by David L. Howard
Posted February 11, 2002
One of the features of the 2001-2003 United States Department of Agriculture Operating Plan is the exemption from liability for a horse owner who has been assessed a Horse Protection Act violation. This provision was strongly supported by the industry and enables an owner to take steps to make sure that his horse is well cared for and that he will not be liable for violations of the HPA by a third party.

The key provisions of the Operating Plan addressing this issue are as follows:

D. Limited Exemption from Liability. Section 1824(2)(D) of the Act contains a limited exemption from liability for a horse owner who demonstrates that he or she did not allow the horse to be entered or exhibited in a show while sore. This exemption applies only to those owners who themselves did not participate in the entry, exhibition, sale or auction of a sore horse. An owner, to avoid liability for allowing his or her horse to be shown or exhibited, entered, sold, auctioned, or offered for sale while sore, must first present credible evidence that he or she did not participate in the entry, transportation, preparation for showing, exhibiting, sale or auction. Second, the owner must show that he or she took affirmative steps: (1) to select a trainer whom the owner would not reasonably expect would sore the horse; (2) to ensure that the trainer understands what soring is as defined in the HPA, understands that the owner does not want the trainer to sore the horse and understands the consequences of soring the horse; and (3) to periodically check the condition of the horse. Examples of such affirmative action by an owner include without limitation the following:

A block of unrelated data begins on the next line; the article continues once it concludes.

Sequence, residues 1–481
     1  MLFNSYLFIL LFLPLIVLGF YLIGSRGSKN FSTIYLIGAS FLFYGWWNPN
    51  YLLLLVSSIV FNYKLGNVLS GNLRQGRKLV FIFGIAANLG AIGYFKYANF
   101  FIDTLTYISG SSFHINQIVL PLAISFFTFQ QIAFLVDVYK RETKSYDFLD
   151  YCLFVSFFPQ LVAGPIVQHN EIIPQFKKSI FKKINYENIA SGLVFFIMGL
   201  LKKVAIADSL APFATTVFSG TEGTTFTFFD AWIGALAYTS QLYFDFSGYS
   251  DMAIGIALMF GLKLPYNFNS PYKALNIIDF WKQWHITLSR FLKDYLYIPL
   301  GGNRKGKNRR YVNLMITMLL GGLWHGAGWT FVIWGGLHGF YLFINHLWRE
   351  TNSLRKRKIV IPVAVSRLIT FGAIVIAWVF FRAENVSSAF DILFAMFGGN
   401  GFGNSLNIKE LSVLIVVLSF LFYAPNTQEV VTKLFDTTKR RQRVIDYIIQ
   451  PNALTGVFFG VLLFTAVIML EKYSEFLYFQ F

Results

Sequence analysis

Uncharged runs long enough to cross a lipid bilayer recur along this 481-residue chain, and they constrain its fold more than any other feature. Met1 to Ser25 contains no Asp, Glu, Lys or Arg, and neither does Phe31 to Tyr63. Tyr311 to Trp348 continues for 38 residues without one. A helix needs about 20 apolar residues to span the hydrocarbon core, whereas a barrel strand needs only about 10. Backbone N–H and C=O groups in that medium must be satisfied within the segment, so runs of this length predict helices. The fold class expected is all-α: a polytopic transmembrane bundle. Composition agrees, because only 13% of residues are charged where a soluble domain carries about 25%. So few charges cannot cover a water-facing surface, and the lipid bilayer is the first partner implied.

1. Written Instructions and Acknowledgement. The owner has previously given the trainer written instructions not to sore the horse or to engage in practices or use devices that could be expected to result in soring, i.e.., chains over the permitted weight, prohibited boots, collars, and rollers, caustic chemicals, overuse of permissible devices; and has informed the trainer in writing that failure to comply with the owner’s instructions will result in the trainer’s immediate termination. The owner has obtained the trainer’s written acknowledgement that he or she understands and agrees to comply with such terms, and has read, understands and agrees to comply with the HPA and Regulations.

2. Consideration of Trainer’s History. The owner determines whether or not the trainer has previously violated the HPA. For example, if an owner hires a trainer whom the USDA, in a litigated HPA enforcement proceeding, has found to have violated the Act on or after March 1, 1999, then the hiring of such trainer by an owner means that the owner is aware that the trainer has previously exhibited, shown, entered, sold or transported a sore horse in violation of the HPA, and has accepted the risk that such trainer may do so again. Such an owner would have to present evidence to show that he or she acted reasonably in knowingly hiring that trainer.

3. Unannounced visits. The owner or the owner’s agent makes unannounced visits to the trainer’s facility. The owner arranges for periodic unannounced inspections of the horse by a knowledgeable, independent licensed veterinarian ( a veterinarian who is not otherwise employed by the trainer and who is competent to determine whether a horse is sore under the HPA.

PLEASE REMEMBER THAT ANY APPEAL OF OWNER LIABILITY MUST BE FILED WITHIN TWENTY (20) DAYS OF THE DATE OF THE NOTICE OF THE VIOLATION/SUSPENSION OR YOU WILL HAVE FOREVER LOST THAT RIGHT. The appeal request must be in writing and accompanied by a check in the amount of two hundred dollars ($200.00) and a written statement as to why you are appealing.

We urge all owners to be aware of these provisions and to avail themselves of the opportunity to be proactive in protecting their horses and their rights under the Horse Protection Act.